The October 2020 selection of leisure reading, chosen by the Journal's book review editor
The March Fallen

Volker Kutscher (Sandstone Press: £8.99; e-book £3.22)

Kutscher brings us another stunning, atmospheric story of pre-war Berlin where his detective Gereon Rath investigates the murder of a former soldier, now reduced to living on the street, as so many who survived the Great War did, against a backdrop of the Reichstag fire. In doing so, Rath unearths a plot hatched in the dying days of the First World War as German soldiers retreated through France. However, running through the story is the incipient rise of the Nazis as Hitler is about to secure the Chancellorship.

Rath's father, as head of the police in Cologne, must watch as his friend Konrad Adenauer, the mayor of the city (and future German Chancellor) is pushed aside. We also witness the beginning of the violent turning of the tide against Jews in prominent positions – in the case of the Berlin police, the storming of the flat of Bernhard Weiss, their revered chief. Rath's fiancée Charly Ritter is set to work in a department devoted entirely to capturing communists who protest. Kutschner draws an interesting interplay between his two main characters, which will be thrilling to watch as this series develops. Charly is firmly and vocally resistant to the slow creep of the Nazi infiltration of everyday life and the police, while one is never sure about Rath. He's no Nazi, but is he going to resist or is he one of those who took the view it would all blow over, that nothing would come of the rise of the fascists? The dénouement and the uncovering of the murderer are set at the infamous book burning in Opernplatz.

The television programme was brilliant, but not a patch on the books. Another triumph.

Still Life

Val McDermid (Little Brown: £20; e-book £10.99)

DCI Karen Pirie steps outwith her normal setting as head of the historic cases unit and finds herself in France, the Republic of Ireland and Northern Ireland in her quest to discover the truth behind the disappearance (assumed murder) of a senior civil servant based in the Scotland Office, and his brother who turns up dead in the Firth of Forth 10 years later, while being set the task of solving the identity of a corpse found in a camper van in a garage of the home of a woman who has died in an accident. Pirie flits between the East Neuk of Fife, Edinburgh and the Scottish Crime Campus at Gartcosh, as she follows the trail of witnesses and uses her somewhat forceful charms on cybercrime experts and an anthropologist. Alongside, she is coming to terms with the release of the man convicted of the death of her husband, while wrestling about a new relationship. She is ably assisted by two sidekicks. There is never a dull moment, the narrative always being propelled forward. There is a little artistic licence with international, cross-border policing and the legal tools available to secure the extradition of fugitive offenders from Europe.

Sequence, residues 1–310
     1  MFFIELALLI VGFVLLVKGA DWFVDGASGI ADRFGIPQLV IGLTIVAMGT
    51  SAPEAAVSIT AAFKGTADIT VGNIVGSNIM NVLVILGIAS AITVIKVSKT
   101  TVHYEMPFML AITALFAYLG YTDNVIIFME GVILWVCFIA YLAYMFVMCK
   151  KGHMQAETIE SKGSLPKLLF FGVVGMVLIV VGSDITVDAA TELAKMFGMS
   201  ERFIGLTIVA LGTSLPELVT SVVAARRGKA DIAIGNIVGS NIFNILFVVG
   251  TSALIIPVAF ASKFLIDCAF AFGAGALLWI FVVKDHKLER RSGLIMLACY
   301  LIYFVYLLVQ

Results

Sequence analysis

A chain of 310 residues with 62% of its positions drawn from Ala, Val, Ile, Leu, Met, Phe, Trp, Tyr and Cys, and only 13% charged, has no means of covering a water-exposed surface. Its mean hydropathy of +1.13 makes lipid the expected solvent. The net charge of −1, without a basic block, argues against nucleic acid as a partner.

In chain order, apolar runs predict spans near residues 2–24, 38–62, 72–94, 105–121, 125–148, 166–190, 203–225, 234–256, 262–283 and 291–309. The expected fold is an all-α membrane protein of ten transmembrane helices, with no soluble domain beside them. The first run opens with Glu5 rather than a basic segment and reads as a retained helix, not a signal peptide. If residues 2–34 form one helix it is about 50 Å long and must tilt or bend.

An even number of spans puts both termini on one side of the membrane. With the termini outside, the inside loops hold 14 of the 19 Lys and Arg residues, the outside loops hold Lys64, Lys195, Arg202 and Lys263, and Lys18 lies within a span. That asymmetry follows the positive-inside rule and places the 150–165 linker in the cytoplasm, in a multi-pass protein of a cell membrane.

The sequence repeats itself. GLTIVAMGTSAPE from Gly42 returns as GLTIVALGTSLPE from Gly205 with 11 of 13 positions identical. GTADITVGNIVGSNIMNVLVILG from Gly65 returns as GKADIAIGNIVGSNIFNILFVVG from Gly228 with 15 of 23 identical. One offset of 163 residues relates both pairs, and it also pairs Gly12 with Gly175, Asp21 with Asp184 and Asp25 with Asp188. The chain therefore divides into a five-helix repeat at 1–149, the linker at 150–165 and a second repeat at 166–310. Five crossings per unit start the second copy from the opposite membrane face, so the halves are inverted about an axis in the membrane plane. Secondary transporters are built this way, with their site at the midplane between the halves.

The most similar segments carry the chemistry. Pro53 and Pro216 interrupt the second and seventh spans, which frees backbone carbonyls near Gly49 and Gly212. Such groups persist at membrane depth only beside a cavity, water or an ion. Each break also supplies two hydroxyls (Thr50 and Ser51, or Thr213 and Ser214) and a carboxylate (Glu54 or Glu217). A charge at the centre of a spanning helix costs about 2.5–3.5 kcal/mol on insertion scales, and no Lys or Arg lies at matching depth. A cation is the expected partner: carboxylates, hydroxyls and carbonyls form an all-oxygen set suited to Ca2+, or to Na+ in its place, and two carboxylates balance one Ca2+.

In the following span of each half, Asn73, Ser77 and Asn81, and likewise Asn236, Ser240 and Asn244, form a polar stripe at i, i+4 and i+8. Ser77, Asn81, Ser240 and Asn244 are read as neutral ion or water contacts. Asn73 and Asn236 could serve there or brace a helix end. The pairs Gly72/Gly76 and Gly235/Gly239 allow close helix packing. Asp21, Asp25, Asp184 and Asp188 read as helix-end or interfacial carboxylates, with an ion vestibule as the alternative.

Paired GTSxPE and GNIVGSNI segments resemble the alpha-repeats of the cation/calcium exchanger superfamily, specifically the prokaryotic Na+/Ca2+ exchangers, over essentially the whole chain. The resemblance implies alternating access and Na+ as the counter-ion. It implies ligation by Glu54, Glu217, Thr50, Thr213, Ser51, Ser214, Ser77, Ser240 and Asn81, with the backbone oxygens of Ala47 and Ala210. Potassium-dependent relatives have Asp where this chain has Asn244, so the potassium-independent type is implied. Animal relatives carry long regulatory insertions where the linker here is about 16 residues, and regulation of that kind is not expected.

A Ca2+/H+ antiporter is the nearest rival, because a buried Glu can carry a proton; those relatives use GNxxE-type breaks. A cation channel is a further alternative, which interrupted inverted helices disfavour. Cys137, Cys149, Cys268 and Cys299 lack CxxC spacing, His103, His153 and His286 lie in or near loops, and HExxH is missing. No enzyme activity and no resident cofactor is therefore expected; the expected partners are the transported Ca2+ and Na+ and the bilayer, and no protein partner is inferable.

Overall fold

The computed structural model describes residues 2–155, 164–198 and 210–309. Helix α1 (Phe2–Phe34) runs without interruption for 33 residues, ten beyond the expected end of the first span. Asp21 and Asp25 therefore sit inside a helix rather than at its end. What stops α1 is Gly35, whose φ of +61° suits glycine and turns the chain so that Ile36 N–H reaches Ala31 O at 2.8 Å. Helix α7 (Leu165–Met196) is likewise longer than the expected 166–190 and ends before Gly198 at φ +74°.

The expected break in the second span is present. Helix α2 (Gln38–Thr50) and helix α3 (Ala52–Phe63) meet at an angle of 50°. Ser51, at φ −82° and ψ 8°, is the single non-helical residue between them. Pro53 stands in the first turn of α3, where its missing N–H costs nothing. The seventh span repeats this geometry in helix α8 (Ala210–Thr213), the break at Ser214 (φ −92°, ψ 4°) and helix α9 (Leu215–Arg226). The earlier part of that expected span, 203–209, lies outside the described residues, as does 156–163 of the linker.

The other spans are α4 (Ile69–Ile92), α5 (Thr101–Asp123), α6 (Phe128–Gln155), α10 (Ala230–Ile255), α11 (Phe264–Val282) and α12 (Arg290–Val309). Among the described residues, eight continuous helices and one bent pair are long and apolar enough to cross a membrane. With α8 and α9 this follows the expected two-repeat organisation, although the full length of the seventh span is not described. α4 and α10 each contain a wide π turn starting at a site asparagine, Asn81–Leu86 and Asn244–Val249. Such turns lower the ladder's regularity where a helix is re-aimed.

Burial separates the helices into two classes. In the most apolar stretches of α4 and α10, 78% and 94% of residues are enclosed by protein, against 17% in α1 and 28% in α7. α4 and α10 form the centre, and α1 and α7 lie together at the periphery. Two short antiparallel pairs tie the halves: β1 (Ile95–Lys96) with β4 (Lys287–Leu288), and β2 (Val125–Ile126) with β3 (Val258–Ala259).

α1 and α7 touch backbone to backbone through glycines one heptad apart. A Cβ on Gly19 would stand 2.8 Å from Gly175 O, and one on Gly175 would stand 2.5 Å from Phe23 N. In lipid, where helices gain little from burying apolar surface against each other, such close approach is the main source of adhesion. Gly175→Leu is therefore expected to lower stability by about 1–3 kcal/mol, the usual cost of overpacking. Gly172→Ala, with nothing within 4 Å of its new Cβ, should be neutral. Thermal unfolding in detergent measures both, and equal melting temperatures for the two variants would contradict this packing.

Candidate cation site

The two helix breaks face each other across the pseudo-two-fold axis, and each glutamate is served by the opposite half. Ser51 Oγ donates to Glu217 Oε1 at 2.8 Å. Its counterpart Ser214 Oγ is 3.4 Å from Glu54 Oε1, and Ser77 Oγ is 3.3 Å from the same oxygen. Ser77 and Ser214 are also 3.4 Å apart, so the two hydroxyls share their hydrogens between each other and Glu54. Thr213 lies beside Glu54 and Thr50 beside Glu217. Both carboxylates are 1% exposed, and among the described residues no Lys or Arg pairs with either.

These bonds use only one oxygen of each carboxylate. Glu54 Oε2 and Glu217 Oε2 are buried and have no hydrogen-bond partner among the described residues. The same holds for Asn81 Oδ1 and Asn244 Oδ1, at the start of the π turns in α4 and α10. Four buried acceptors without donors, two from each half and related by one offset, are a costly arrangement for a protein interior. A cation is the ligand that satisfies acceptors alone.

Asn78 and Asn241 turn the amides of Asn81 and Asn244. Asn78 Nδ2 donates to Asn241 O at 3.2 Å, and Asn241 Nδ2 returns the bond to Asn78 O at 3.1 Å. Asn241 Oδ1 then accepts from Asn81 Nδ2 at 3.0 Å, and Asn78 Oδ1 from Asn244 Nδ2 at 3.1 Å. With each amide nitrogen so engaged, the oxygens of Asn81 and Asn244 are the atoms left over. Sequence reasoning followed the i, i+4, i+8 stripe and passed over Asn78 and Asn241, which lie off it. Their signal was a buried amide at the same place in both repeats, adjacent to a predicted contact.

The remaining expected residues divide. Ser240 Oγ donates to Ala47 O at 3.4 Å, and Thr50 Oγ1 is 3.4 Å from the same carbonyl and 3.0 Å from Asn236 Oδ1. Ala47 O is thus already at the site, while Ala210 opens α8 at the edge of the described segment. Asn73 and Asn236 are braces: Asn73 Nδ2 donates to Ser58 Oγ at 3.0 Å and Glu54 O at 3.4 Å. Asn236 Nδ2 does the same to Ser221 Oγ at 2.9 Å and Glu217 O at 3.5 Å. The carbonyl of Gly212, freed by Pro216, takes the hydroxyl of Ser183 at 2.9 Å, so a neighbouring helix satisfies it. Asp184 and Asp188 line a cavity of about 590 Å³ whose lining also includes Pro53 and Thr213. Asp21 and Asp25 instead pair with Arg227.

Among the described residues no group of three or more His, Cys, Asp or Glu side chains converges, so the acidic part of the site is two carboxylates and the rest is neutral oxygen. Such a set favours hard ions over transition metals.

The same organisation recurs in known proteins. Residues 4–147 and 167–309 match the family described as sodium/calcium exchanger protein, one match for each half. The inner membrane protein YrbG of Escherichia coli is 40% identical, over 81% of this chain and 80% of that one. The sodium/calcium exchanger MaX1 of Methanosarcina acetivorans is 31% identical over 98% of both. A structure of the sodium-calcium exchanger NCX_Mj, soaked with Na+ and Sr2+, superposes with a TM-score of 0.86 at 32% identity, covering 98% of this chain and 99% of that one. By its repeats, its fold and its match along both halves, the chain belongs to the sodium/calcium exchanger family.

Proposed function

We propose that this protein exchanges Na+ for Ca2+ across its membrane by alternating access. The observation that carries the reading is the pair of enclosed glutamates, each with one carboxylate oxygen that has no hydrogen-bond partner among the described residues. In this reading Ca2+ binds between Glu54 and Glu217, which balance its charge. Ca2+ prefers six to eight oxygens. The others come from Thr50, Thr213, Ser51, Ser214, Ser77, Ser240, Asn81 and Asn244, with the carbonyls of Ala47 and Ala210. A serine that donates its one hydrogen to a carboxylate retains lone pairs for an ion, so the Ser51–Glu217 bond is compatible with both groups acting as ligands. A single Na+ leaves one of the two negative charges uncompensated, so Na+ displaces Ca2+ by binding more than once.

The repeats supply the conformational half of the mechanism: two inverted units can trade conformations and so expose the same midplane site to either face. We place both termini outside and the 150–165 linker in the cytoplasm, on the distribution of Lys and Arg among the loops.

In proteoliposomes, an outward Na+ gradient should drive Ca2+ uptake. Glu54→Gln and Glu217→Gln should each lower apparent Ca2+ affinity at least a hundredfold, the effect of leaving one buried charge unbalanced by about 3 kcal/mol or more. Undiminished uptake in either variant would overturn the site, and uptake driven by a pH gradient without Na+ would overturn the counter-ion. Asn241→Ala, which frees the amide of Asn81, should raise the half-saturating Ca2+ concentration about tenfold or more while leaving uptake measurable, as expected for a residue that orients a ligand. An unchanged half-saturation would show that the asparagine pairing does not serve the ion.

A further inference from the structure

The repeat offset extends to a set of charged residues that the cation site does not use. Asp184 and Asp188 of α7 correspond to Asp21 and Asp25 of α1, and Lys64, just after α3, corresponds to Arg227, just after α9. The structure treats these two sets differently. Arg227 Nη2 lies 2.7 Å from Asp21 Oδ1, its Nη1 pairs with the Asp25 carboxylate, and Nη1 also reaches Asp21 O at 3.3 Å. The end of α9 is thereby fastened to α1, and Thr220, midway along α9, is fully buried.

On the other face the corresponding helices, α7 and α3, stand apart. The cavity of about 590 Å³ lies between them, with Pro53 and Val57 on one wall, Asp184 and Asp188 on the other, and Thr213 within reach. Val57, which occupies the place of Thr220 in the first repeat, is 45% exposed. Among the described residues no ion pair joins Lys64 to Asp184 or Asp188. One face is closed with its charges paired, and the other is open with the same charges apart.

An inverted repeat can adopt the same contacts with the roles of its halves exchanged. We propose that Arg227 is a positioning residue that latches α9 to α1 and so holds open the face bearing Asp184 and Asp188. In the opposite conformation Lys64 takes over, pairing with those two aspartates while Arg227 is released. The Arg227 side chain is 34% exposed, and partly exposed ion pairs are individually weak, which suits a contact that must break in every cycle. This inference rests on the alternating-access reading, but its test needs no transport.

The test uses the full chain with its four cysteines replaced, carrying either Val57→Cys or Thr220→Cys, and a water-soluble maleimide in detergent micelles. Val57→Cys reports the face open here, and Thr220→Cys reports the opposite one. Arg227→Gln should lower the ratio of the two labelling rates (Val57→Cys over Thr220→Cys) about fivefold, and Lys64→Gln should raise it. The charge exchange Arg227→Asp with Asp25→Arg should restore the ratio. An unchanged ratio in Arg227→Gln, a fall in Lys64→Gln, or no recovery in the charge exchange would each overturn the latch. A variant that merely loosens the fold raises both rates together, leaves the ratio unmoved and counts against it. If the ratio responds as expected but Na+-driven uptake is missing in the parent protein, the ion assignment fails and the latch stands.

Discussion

A page-turner.

Old Filth

Jane Gardam (Abacus: £8.99; e-book £5.99)

Lockdown saw a brief absence of the ready availability of books. One turned to scouring one's bookshelves. Old Filth is a gem of a book. Old Filth (Failed in London Try Hongkong) is Sir Edward Feathers QC who, at the end of his days, reflects on his life. This is no morbid memoir approach, but rather we walk at his side: following the sudden death of his wife, he looks back on his life, as he visits two childhood friends who shared his abusive upbringing in Wales as his father continued to live and work abroad, leaving Feathers a “Raj orphan”. There are those in the legal profession who hold him in little regard and view him securing his significant wealth and appointment to the judiciary in Hong Kong as a result of him being in the right place at the right time, rather than ability. His old rival, Sir Edward Veneering QC, who in retirement lived next door, had a dalliance with his wife in years past. We witness, with the graceful insight brought alive by Gardam's style, the slowing of body (but not mind) as Feathers looks back with pride and some anxiety on his professional life where he was empowered to pass the death penalty; his marriage to Betty which was a foundation in his life, albeit functional and devoid of passion; his life in Wales where one cannot help but think it set his life on the course it took. Beautifully observed and humorous, Feathers' story is one worth unwrapping. 

 

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